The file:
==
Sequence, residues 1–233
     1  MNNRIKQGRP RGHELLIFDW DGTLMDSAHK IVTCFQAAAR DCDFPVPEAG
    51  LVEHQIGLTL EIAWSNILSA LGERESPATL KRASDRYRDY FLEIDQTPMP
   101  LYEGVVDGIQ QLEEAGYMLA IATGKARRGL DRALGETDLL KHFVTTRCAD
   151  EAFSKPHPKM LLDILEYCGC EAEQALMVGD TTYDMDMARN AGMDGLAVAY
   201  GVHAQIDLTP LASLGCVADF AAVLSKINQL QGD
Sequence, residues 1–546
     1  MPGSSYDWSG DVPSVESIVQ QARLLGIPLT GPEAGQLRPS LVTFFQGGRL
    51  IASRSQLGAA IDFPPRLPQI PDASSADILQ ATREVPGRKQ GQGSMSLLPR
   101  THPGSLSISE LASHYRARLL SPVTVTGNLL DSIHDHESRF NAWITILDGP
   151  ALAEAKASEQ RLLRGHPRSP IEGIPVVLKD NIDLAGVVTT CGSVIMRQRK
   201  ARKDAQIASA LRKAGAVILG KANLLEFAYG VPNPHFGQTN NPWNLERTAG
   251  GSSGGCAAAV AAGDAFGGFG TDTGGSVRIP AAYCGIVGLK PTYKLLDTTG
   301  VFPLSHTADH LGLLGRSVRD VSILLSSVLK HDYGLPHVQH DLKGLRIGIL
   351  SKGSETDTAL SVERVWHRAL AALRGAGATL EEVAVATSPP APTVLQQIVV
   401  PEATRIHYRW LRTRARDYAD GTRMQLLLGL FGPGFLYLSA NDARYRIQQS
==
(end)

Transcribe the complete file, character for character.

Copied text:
Sequence, residues 1–233
     1  MNNRIKQGRP RGHELLIFDW DGTLMDSAHK IVTCFQAAAR DCDFPVPEAG
    51  LVEHQIGLTL EIAWSNILSA LGERESPATL KRASDRYRDY FLEIDQTPMP
   101  LYEGVVDGIQ QLEEAGYMLA IATGKARRGL DRALGETDLL KHFVTTRCAD
   151  EAFSKPHPKM LLDILEYCGC EAEQALMVGD TTYDMDMARN AGMDGLAVAY
   201  GVHAQIDLTP LASLGCVADF AAVLSKINQL QGD
Sequence, residues 1–546
     1  MPGSSYDWSG DVPSVESIVQ QARLLGIPLT GPEAGQLRPS LVTFFQGGRL
    51  IASRSQLGAA IDFPPRLPQI PDASSADILQ ATREVPGRKQ GQGSMSLLPR
   101  THPGSLSISE LASHYRARLL SPVTVTGNLL DSIHDHESRF NAWITILDGP
   151  ALAEAKASEQ RLLRGHPRSP IEGIPVVLKD NIDLAGVVTT CGSVIMRQRK
   201  ARKDAQIASA LRKAGAVILG KANLLEFAYG VPNPHFGQTN NPWNLERTAG
   251  GSSGGCAAAV AAGDAFGGFG TDTGGSVRIP AAYCGIVGLK PTYKLLDTTG
   301  VFPLSHTADH LGLLGRSVRD VSILLSSVLK HDYGLPHVQH DLKGLRIGIL
   351  SKGSETDTAL SVERVWHRAL AALRGAGATL EEVAVATSPP APTVLQQIVV
   401  PEATRIHYRW LRTRARDYAD GTRMQLLLGL FGPGFLYLSA NDARYRIQQS